Published: December 28, 2021
By Kristin Nord
WORCESTER, MASS. – As we move into the bleak midwinter, literally and figuratively, “Love Stories from the National Portrait Gallery, London,” has arrived as a spiritual tonic, zeroing in on many of Britain’s legendary couples and the ways in which love has played a part.
The Worcester Art Museum’s (WAM) galleries are alive with approximately 100 masterworks; it’s the first venue on an international tour while the National Portrait Gallery (NPG) is closed for a major redevelopment.
“When I reviewed the prospectus for the new touring exhibition in early 2020, Covid-19 was in the news, but the reality of the global pandemic had yet to be felt in Massachusetts,” Claire C. Whitner, PhD, the Director of Curatorial Affairs and James A. Wells Curator of European Art, said. “Months later, when the decision was made to host the exhibition at WAM, we were not only acutely aware of how our lives had been changed by the emergence of a novel virus, but also that love had become a very important theme for our unusual times.”
“Love Stories” traces the face of love through portraiture from the Sixteenth Century Renaissance-era in what amounts to a spirited intellectual cruise. At WAM visitors will encounter some of Britain’s most famous and passionate lovers in a star-studded lineup that includes John Lennon and Yoko Ono, Oscar Wilde and Lord Alfred Douglas, Emma Hamilton and Lord Nelson, and Elizabeth Barrett Browning and Robert Browning. There is love in many guises here, from forbidden and/or unrequited love to passionate companionship. There are famous examples of love affairs that burned explosively and ended disastrously, as well as those that have withstood the test of time.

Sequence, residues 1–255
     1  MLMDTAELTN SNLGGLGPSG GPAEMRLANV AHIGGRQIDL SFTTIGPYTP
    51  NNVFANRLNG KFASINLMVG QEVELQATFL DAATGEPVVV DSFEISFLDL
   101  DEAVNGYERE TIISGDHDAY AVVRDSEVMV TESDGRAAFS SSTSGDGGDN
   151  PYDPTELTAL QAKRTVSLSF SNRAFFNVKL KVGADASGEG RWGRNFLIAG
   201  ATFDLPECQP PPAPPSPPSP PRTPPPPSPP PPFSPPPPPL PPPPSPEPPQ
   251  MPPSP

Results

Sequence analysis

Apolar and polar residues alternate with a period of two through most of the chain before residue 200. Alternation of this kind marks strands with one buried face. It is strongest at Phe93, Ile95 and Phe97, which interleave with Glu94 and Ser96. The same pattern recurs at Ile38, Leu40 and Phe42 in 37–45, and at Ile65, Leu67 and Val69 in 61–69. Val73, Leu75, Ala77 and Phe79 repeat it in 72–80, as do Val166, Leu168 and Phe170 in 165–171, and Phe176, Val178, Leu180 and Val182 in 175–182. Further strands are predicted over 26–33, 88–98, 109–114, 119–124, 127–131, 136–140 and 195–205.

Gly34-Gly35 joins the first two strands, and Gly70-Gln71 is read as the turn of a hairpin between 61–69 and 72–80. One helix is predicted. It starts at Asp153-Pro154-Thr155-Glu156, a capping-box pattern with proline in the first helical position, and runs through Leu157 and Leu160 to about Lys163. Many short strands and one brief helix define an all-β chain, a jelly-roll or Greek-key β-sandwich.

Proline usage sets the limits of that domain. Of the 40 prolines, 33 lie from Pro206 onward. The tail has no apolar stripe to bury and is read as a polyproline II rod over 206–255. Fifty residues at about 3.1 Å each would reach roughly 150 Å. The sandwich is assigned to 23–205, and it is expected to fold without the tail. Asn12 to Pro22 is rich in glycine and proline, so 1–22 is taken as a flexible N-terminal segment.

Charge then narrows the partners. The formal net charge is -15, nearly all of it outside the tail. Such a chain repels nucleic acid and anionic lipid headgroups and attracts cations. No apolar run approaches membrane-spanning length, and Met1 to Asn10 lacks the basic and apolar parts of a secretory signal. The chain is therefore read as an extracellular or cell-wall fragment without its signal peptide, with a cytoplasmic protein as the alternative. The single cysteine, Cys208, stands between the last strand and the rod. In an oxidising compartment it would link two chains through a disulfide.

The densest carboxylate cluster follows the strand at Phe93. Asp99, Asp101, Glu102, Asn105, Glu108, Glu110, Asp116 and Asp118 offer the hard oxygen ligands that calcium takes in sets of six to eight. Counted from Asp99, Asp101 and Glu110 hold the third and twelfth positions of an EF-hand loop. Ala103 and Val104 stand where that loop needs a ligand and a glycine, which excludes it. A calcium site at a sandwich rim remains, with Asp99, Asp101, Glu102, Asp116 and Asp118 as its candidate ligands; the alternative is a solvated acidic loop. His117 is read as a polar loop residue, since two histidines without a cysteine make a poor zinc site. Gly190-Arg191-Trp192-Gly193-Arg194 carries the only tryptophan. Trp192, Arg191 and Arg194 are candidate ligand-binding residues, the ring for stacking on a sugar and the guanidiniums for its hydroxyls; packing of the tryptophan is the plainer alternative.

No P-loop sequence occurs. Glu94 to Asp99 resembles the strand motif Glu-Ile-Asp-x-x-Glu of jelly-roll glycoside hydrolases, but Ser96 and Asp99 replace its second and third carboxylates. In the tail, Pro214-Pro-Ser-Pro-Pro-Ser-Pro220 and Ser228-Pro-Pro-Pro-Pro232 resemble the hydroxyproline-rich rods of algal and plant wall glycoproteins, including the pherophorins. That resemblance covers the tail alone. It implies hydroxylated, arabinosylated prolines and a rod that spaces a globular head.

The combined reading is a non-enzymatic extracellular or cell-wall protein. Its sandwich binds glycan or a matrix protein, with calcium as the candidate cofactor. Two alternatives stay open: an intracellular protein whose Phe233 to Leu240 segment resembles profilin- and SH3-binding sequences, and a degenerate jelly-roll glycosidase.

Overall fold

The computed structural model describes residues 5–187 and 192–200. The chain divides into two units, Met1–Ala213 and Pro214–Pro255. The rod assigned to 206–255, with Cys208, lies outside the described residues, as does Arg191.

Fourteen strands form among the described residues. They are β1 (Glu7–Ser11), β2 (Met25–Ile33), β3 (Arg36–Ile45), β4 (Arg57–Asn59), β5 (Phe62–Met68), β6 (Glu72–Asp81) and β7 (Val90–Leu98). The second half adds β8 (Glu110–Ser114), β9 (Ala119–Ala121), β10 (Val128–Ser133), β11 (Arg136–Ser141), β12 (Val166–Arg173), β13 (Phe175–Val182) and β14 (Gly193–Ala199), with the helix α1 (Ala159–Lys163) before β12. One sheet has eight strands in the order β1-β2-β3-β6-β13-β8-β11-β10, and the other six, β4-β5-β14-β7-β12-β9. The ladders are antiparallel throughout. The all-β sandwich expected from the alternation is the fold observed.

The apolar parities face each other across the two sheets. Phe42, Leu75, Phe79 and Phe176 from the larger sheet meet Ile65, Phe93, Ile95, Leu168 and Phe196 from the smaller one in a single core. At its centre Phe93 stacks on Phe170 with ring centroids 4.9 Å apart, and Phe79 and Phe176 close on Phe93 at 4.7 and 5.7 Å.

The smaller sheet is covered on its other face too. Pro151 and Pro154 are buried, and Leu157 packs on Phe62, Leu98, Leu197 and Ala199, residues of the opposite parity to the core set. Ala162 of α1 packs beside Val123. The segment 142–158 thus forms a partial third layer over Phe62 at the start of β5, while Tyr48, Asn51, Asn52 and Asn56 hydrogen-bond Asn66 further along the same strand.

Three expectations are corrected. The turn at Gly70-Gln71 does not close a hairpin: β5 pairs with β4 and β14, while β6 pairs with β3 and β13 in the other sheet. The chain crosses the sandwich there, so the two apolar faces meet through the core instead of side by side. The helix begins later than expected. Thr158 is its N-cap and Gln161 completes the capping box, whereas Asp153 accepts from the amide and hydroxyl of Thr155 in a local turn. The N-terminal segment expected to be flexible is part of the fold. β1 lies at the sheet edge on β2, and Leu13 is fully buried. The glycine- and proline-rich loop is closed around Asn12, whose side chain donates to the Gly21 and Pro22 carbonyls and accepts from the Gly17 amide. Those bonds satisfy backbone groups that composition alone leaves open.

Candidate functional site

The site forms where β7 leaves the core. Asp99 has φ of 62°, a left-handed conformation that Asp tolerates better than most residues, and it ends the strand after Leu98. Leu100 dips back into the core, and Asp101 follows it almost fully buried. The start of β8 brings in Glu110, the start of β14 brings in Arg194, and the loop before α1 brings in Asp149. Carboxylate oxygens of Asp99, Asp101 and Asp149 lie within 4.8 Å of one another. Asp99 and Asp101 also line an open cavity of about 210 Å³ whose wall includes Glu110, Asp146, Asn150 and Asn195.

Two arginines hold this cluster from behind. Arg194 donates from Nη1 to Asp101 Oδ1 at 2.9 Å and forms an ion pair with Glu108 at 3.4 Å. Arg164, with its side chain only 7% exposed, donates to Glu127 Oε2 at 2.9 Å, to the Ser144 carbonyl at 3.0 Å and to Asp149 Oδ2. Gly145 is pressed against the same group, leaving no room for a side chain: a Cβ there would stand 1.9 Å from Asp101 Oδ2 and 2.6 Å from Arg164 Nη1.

“Portraits are a visual record of a relationship, celebrating key moments like engagements and weddings, serving as memorials to the deceased, or expressing adoration for an absent or scorned lover,” said Matthias Waschek, the Jean and Myles McDonough director of WAM. “But while much has been written or sung about love, ‘Love Stories’ is an opportunity to dive into this complex history through the visual arts, drawing on some of the most remarkable portraits that reflect this love back to the viewer, decades or even centuries later.”
“Love Stories” moves by theme from an exploration of the artist and muse to classic pairings, while it also looks at how the definitions of love have continued to evolve. A final section is devoted to contemporary photography, with iconic images of Twentieth Century celebrities and British royalty.
The NPG has tapped Louise Stewart, former curator, Sixteenth Century to Contemporary Collections; and Peter Funnell, a former curator, as well as contributors Simon Callow, Marina Warner and Kate Williams, for the accompanying book, Love Stories: Art, Passion & Tragedy, edited by Lucy Peltz, NPG’s Head of Collections Displays (Tudor to Regency) and senior curator, Eighteenth Century Collections.